Reference : Oviposition preferences of Episyrphus balteatus.
Scientific journals : Article
Life sciences : Entomology & pest control
Life sciences : Biochemistry, biophysics & molecular biology
Oviposition preferences of Episyrphus balteatus.
Vanhaelen, Nicolas [> > > >]
Haubruge, Eric mailto [Université de Liège - ULiège > Services administratifs généraux > Vice-Recteur pour le site de Gembloux >]
Gaspar, Charles [Université de Liège - ULiège > > Immunologie et vaccinologie >]
Francis, Frédéric mailto [Université de Liège - ULiège > Gembloux Agro-Bio Tech > Gembloux Agro-Bio Tech >]
Mededelingen van de Faculteit Landbouwkundige en Toegepaste Biologische Wetenschappen (Rijksuniversiteit te Gent)
Yes (verified by ORBi)
[en] Animals ; Aphids/physiology ; Brassica napus/parasitology ; Brassicaceae/parasitology ; Diptera/physiology ; Female ; Glucosinolates/metabolism ; Host-Parasite Interactions ; Odors ; Oviposition/physiology ; Pest Control, Biological ; Population Density ; Sinapis/parasitology ; Species Specificity ; Vicia faba/parasitology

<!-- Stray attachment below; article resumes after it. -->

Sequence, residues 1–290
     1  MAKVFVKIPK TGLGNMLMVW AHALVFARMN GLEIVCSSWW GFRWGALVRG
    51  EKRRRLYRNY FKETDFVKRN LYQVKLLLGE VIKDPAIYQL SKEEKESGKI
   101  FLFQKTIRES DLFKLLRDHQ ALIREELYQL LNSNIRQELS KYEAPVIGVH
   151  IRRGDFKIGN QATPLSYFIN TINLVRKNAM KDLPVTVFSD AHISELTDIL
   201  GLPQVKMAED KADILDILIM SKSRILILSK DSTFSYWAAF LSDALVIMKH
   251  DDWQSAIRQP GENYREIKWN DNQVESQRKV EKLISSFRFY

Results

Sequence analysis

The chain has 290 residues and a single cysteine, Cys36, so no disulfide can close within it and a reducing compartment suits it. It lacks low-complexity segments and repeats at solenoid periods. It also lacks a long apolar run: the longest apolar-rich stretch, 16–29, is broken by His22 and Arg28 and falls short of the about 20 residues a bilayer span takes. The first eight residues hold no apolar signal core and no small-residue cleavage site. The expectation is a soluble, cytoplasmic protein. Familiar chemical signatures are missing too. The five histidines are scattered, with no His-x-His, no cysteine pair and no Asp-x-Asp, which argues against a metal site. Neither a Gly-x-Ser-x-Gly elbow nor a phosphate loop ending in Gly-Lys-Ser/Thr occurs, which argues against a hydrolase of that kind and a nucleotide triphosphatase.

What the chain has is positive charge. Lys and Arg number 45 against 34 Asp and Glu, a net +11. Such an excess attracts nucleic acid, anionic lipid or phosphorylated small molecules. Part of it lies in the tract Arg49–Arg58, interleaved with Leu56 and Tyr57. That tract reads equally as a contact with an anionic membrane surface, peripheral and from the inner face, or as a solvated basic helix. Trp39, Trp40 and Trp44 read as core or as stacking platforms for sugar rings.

[en] A crucial aspect of predator oviposition behaviour is host plant choice, especially in hoverflies where the newly hatched offspring are unable to move a great distance to search for the appropriate prey. Such offspring must generally feed on the host plant aphids previously selected by the mother. Some factors involved in the selection of the oviposition site of Episyrphus balteatus De Geer include aphids associated to chemical stimuli, aphid colony size and host plant characteristics. Here we tested the hypothesis that there will not only be a rank order hierarchy of preference for aphid prey species reared on the same host plant but that a similar hierarchy of different host plant of one aphid species could be established. Therefore we compared the number of eggs laid on different combinations of host plant and aphid species. Vicia faba L., secondary metabolites free, Brassica napus L. and Sinapis alba L., containing low and high levels of glucosinolates respectively were used. The latter compounds are well known allelochemicals from Brassicaceae having a strong influence on specialist and generalist insects from both phytophagous and entomophagous levels. These experiments enhance the importance of tritrophic interactions in biological control of pests by underlining the host plant influence on aphidophagous predators, either directly or through the odours emitted by the phytophagous prey.

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